Opposing effects of HLA class I molecules in tuning autoreactive CD8+ T cells in multiple sclerosis

Abstract

The major known genetic risk factors in multiple sclerosis reside in the major histocompatibility complex (MHC) region. Although there is strong evidence implicating MHC class II alleles and CD4+ T cells in multiple sclerosis pathogenesis, possible contributions from MHC class I genes and CD8+ T cells are controversial. We have generated humanized mice expressing the multiple sclerosis–associated MHC class I alleles HLA-A*0301 (encoding human leukocyte antigen-A3 (HLA-A3)) and HLA-A*0201 (encoding HLA-A2) and a myelin-specific autoreactive T cell receptor (TCR) derived from a CD8+ T cell clone from an individual with multiple sclerosis to study mechanisms of disease susceptibility. We demonstrate roles for HLA-A3–restricted CD8+ T cells in induction of multiple sclerosis–like disease and for CD4+ T cells in its progression, and we also define a possible mechanism for HLA-A*0201–mediated protection. To our knowledge, these data provide the first direct evidence incriminating MHC class I genes and CD8+ T cells in the pathogenesis of human multiple sclerosis and reveal a network of MHC interactions that shape the risk of multiple sclerosis.

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Figure 1: Expression and functional activity of 2D1-TCR+CD8+ T cells in transgenic mice.
Figure 2: Spontaneous and PLP45–53–induced multiple sclerosis–like disease in A3–2D1-TCR double-transgenic mice.
Figure 3: Infiltration of the CNS by CD8+ T cells and later by CD4+ T cells concomitantly with epitope spreading.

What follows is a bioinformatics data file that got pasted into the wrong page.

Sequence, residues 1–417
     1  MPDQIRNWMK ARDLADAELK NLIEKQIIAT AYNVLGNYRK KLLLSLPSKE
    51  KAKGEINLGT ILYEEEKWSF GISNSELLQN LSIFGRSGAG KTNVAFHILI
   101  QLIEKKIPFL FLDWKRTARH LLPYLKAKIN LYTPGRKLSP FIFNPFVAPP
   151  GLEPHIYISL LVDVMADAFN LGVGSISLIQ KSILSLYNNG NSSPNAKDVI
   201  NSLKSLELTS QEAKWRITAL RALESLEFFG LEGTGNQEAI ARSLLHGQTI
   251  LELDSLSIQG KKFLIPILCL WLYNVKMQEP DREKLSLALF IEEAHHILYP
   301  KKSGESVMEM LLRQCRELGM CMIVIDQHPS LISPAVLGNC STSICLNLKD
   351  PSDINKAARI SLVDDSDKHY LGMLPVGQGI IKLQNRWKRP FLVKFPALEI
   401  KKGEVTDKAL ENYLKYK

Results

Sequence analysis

Figure 4: HLA-A*0201 protects from development of multiple sclerosis–like disease.
Figure 5: Addition of the HLA-A*0201 transgene in A3–2D1-TCR mice reduces 2D1-TCR+CD8+ T cell selection and transgenic TCR surface expression.
Figure 6: 2D1-TCR+ T cells that escape A2-mediated negative selection show reduced TCR surface expression.

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Acknowledgements

We thank H. von Boehmer (Dana-Farber Cancer Institute) for the BW58TCR-αβ T cell hybridoma, A. McMichael (University of Oxford) for GAP.A3, W.E. Biddison (US National Institutes of Health) for providing DNA and RNA from the 2D1 T cell clone and N. Willcox and A. Vincent for critical reading of the manuscript. Work in the authors' laboratories is supported by the Danish (to L. Fugger) and UK (to L. Fugger and E.Y.J.) Medical Research Councils, the Karen Elise Jensen Foundation, the Lundbeck Foundation, the Danish Multiple Sclerosis Society, the European Union (European Commission Descartes Prize and FP6 Neuropromise, Mugen and ARDIS) and GB Holding (Viby) Aps (L. Fugger). M.A.F. was supported by the Deutsche Forschungsgemeinschaft (DFG FR1720/1-1) and a Medical Research Council UK Career Development Fellowship and is supported by the Deutsche Forschungsgemeinschaft Emmy Noether Programme (FR1720/3-1). R.E. is supported by the Schweizerische MS Gesellschaft and a Berrow Scholarship. E.Y.J. is a Cancer Research UK Principal Research Fellow.

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M.A.F. and L. Fugger formulated the hypothesis and initiated and organized the study. M.A.F. constructed the transgenic vectors, generated the transgenic mice, performed the main experimental work and analyzed the data. K.B.J. and M.J.C. conducted the histological and immunohistochemical analyses. L.Friis, R.E., R.M.M., L.T.J. and V.H. helped with some experimental procedures. L. Fugger oversaw the experiments, analyzed the data and provided the funding for the research. M.A.F. drafted the manuscript, and E.Y.J, J.I.B. and L. Fugger helped with writing the final manuscript.

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Correspondence to Lars Fugger.

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Supplementary Figs. 1–7 and Supplementary Methods (PDF 4514 kb)

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Friese, M., Jakobsen, K., Friis, L. et al. Opposing effects of HLA class I molecules in tuning autoreactive CD8+ T cells in multiple sclerosis. Nat Med 14, 1227–1235 (2008). https://doi.org/10.1038/nm.1881

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